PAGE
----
Kim Ng exemplifies the ‘short leash’ qualified minorities endure in white spaces

Kim Ng exemplifies the ‘short leash’ qualified minorities endure in white spaces

Derek Jeter hired Kim Ng. Derek Jeter left. Ng is gone now, too. This isn’t about the Miami Marlins having a dysfunctional front office. It’s an example of how one historic minority employee’s time with an organization came to an end after a successful season — and less than two years after the minority employee, with more power, who hired her, stepped down.

People of color have to look out for people of color because most of the time people of color have no one to look out for them besides other people of color.

“I didn’t hire her to be historic. I hired her because she was the best person for the job,” Jeter said about Ng in October of 2021.

On Monday morning ESPN’s Jeff Passan reported that “The Miami Marlins wanted to hire a president of baseball operations over general manager Kim Ng, leading to her departure from the organization.” Passan’s sources claimed Ng “would’ve been the No. 2 after constructing a playoff team.” The report came hours after it had been announced that the highest-ranking woman in baseball operations, and the first female GM in the history of the NBA, NFL, NFL, and MLB was leaving Miami after three seasons.

According to The Athletic, Ng said that she and Marlins owner Bruce Sherman “were not completely aligned” in their vision for the Marlins’ front office. “Last week, Bruce and I discussed his plan to reshape the Baseball Operations department,” she told the publication. “In our discussions, it became apparent that we were not completely aligned on what that should look like and I felt it best to step away.”

The idea that a woman, who many consider to be overqualified, had to wait around for a GM job for years, only for her male boss to allegedly desire to bring in someone over her is something that women saw coming — as it’s a frustrating feeling they’re all too familiar with.

This is what it looks like to be a woman working in sports — or pretty much any industry, anywhere. But this is also what it looks like to be a minority working in sports — or pretty much any industry, anywhere.

And while it doesn’t take a genius to realize that the president of baseball operations that Sherman wants to allegedly bring in will almost certainly be a man. You don’t have to be a savant to understand that whoever was going to be hired was also almost certainly going to be white.

Before Jeter hired Ng — which bears repeating because no white people had hired her to such a position — the Marlins were coming off a 31-29 record during the shortened pandemic year in which they won a wild-card game before getting swept by the Atlanta Braves in the National League Divisional Series. In 2019 they were 57-105, and were 63-98 the year before that.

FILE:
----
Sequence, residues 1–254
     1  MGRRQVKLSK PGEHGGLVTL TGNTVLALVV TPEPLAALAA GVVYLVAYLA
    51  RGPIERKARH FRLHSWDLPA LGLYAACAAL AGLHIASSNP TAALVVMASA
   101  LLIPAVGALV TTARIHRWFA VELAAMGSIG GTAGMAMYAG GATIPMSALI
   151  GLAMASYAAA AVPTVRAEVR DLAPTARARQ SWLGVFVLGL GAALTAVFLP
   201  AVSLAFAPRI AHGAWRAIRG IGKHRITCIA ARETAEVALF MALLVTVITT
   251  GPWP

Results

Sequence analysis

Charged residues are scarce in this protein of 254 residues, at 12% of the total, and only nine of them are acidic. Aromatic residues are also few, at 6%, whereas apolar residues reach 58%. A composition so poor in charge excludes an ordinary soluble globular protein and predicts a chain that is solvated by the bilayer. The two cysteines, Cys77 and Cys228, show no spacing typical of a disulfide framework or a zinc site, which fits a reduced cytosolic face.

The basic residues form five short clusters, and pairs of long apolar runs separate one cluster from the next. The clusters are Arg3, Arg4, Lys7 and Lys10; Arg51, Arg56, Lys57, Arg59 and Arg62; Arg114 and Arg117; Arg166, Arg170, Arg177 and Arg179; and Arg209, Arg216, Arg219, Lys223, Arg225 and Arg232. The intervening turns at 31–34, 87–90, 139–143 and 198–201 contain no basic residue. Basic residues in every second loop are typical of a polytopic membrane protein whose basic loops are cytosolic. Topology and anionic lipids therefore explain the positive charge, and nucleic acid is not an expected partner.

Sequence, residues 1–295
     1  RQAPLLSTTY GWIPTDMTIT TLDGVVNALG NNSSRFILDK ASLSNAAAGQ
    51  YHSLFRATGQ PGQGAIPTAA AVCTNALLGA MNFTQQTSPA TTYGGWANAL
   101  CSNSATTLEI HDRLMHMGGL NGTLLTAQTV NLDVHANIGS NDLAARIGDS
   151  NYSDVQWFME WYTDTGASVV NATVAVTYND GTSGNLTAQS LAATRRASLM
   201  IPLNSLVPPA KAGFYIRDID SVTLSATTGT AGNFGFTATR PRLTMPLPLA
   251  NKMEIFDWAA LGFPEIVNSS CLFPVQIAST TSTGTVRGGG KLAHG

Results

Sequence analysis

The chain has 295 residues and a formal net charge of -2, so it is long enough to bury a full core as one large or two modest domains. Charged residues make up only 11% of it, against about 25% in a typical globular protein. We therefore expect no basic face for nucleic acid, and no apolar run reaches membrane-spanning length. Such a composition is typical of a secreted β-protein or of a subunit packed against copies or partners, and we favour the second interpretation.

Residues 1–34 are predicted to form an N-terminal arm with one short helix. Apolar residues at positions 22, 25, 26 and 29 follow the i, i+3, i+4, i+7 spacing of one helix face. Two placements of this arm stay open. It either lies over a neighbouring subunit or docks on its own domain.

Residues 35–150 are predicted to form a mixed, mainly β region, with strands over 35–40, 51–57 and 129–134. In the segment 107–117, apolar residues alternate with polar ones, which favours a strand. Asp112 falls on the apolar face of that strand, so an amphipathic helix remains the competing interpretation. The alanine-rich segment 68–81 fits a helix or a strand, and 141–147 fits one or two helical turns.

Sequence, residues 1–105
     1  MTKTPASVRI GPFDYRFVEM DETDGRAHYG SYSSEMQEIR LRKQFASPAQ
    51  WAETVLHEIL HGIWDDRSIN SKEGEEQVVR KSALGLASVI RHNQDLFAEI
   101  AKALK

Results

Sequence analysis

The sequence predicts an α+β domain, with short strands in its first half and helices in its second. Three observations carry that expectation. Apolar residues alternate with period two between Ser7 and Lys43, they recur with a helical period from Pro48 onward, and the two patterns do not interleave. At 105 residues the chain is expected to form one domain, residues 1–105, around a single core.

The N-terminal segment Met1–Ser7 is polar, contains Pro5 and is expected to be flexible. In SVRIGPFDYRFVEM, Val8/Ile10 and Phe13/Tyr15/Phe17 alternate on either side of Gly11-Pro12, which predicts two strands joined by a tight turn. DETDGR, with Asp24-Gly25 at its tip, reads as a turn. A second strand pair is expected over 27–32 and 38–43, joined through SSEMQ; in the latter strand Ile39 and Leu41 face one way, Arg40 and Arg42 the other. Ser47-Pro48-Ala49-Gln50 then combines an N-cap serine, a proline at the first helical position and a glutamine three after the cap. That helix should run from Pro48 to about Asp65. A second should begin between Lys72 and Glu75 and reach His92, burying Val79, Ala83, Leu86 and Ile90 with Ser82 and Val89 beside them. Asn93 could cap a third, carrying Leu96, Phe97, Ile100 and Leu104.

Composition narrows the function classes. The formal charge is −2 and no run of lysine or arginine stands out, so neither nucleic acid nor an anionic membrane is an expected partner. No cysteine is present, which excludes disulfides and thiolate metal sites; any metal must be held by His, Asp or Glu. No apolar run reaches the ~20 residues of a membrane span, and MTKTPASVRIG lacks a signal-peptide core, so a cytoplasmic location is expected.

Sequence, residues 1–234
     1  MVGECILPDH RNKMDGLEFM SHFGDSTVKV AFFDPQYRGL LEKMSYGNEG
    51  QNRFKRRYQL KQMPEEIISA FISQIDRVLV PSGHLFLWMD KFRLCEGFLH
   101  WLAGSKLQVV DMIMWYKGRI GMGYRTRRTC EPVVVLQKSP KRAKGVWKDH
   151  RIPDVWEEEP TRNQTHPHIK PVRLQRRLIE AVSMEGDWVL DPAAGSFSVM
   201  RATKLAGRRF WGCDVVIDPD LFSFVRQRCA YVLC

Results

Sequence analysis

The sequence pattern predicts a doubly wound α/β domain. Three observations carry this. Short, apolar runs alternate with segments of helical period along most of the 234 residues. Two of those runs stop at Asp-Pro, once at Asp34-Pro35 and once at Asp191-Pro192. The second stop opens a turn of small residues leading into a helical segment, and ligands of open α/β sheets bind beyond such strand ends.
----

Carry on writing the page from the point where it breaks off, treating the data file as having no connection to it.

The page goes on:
Once Ng was in charge, the Marlins finished 67-95 (2021), 69-63 (2022), and were 84-78 this past season as they made it to the postseason before falling to the Philadelphia Phillies in the wild card.

It still wasn’t good enough.

What Ng experienced was a tale as old as time. Because despite which minority box, or boxes, you check in this country, and despite how good your resume may be, there’s always going to be a white person somewhere who thinks that there’s another less qualified white person who can do the job better than you/should control you.

When Jeter left the Marlins last year and stepped down as their CEO — selling his four percent stake in the team — he used similar language that Ng did in his reason why. “The vision for the future of the franchise is different than the one I signed up to lead,” he said.

Jeter wasn’t just the person who hired Ng, he was her boss — which at times can give a minority a different sense of job security, knowing that the person above you understands what it feels like to be the “only one in the room.”

Whenever a person of color or woman makes history by being the first to do something, it automatically becomes a joyous, yet frustrating burden. One side of you is happy that you’ve accomplished a feat that no one else can claim. However, the other side of you understands how frustrating it is that in these times these feats still need to be accomplished — on top of the fact that the majority of people around you will have no idea of the burden you carry as the first, given that you know there won’t be a second if you aren’t outstanding in your role, as good won’t simply be enough.

Jeter gave Ng a chance that no one else was willing to. And once Sherman changed the vision that both of them signed up for, they left. A smart person would wonder why the vision needed to be changed. A minority already understands that we’re rarely part of white people’s long-term visions.

Original source here

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About the Author

Anthony Barnett
Anthony is the author of the Science & Technology section of ANH.